Has collection management become more collaborative with its move to the cloud? If so, how has that impacted collection management? If not, do you see more collaboration in the future?
During our careers, we have seen changes in the ways collection management librarians are able to communicate with one another and share information. We are both very active in our state-wide consortium, PASCAL (Partnership Among South Carolina Academic Libraries), so we are able to easily meet monthly with other librarians remotely in our field across the state and develop policies and workflows for our shared LSP, Alma. That is pretty amazing. Also, for us, moving to a shared cloud-based LSP has been a significant change, and for the most part, a good one. This LSP is built collaboratively, especially for those libraries working within a shared network. There are challenges, yes, but it has also been very rewarding.
We think the community-driven element of using tools like these in library work is what has offered the space for those who work in libraries to become more collaborative outside of their own libraries. It’s nice to find resources like documentation or case studies from other schools that may be doing something you’d like to do, or that you can reach out to an email list to ask questions of peers across the globe. It’s great to have those options available instead of trying to figure it all out on your own.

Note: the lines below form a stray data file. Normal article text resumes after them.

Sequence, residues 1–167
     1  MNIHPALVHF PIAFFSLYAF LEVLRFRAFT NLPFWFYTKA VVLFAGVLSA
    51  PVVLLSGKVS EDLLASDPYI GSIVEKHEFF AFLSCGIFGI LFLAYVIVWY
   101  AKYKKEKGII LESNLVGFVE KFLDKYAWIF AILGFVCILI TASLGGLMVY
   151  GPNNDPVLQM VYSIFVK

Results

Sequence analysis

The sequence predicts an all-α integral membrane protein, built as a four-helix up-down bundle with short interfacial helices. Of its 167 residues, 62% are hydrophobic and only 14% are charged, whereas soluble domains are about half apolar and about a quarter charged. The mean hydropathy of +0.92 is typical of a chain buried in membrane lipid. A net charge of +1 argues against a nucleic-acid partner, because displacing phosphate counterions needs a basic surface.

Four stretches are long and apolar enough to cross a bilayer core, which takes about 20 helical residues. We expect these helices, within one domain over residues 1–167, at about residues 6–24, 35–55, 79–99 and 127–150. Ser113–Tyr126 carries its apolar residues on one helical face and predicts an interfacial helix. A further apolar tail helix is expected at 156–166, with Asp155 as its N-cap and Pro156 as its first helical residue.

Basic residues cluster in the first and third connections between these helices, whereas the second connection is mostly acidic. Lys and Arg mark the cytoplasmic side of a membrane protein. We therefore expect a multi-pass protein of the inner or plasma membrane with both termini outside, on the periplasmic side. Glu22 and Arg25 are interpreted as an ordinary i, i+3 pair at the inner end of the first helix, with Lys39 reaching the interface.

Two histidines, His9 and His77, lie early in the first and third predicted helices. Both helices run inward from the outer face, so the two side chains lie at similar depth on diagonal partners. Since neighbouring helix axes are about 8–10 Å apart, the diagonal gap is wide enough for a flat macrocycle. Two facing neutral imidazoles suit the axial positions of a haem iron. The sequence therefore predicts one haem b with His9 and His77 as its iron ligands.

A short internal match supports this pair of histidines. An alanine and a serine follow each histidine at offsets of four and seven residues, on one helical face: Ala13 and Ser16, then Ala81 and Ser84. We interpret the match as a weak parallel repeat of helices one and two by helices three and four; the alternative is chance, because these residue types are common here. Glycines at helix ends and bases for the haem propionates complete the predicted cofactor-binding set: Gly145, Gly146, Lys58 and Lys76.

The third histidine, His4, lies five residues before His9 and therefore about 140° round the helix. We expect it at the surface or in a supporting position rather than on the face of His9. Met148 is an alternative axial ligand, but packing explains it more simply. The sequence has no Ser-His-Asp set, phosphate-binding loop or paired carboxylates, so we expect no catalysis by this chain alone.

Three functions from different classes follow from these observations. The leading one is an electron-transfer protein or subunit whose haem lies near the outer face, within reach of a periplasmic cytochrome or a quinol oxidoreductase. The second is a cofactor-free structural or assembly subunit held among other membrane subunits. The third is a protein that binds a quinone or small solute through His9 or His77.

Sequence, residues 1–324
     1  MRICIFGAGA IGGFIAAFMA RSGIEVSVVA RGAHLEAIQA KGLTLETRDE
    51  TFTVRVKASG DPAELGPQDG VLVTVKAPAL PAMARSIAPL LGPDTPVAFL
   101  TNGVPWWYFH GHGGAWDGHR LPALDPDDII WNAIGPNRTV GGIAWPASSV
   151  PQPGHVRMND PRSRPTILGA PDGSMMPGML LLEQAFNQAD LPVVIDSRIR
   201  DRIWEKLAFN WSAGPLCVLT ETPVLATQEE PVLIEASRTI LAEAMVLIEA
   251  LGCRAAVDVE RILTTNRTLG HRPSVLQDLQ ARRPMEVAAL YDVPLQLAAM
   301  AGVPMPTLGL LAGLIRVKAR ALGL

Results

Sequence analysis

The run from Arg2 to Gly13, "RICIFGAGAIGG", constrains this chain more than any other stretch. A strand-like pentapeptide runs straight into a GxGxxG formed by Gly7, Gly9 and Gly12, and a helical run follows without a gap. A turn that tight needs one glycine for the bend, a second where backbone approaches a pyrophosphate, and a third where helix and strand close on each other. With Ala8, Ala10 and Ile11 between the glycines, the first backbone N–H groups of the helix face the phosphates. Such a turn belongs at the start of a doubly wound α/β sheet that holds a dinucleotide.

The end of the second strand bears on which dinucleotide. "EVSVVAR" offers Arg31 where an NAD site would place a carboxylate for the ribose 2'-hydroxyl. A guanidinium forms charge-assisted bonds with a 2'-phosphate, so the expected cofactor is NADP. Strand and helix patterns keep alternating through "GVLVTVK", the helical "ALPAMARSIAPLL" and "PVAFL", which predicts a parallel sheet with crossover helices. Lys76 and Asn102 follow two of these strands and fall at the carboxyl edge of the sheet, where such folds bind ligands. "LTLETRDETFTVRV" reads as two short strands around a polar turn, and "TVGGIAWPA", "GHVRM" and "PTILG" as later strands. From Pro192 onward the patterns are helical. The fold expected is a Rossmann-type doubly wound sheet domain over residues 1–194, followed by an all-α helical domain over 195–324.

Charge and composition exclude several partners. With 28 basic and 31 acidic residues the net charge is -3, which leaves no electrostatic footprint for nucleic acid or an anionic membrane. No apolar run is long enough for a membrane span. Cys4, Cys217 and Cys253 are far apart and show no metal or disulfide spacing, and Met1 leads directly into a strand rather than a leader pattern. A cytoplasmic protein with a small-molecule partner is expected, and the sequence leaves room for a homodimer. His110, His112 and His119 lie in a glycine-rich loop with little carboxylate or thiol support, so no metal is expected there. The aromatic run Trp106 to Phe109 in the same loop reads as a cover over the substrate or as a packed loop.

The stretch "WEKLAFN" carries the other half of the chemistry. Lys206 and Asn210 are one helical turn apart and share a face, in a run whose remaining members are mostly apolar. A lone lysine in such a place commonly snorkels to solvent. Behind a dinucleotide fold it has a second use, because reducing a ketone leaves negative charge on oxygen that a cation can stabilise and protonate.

What changes do you anticipate in the future?
We know that the tools we selected for the book will likely change in the future, but we purposefully chose ones that we have been using for years with little changes to their basic functionality. These tools have fairly robust features, including their basic or free versions, and we hope that is something that doesn’t change. By embracing these tools, we realize that we are more adaptable to changes in our profession. If we didn’t have access to these tools, for example, working remotely during 2020 due to the COVID-19 pandemic would have been very difficult to do.
Is there anything else you would like to share?
One thing we write in the book is that “as you work with different cloud-based tools, keep in mind that they are meant to help you work smarter, maybe a little faster depending on the task, but you should not feel as though you are managing them, you are burdened by them, or that when using them you are working harder.” We take this advice to heart, and as much as we love these tools, we also realize they can be very invasive and can be a challenge to both learn and implement. It’s good to have balance, especially for librarians who spend so much time researching and problem solving. Sometimes it is good for your mental health just to take a break.
Lauren Hays, PhD, is an Assistant Professor of Instructional Technology at the University of Central Missouri, and a frequent presenter and interviewer on topics related to libraries and librarianship. Her expertise includes information literacy, educational technology, and library and information science education. Please read Lauren’s other posts relevant to special librarians. And take a look at Lucidea’s powerful integrated library systems, SydneyEnterprise, and GeniePlus, used daily by innovative special librarians in libraries of all types, sizes and budgets.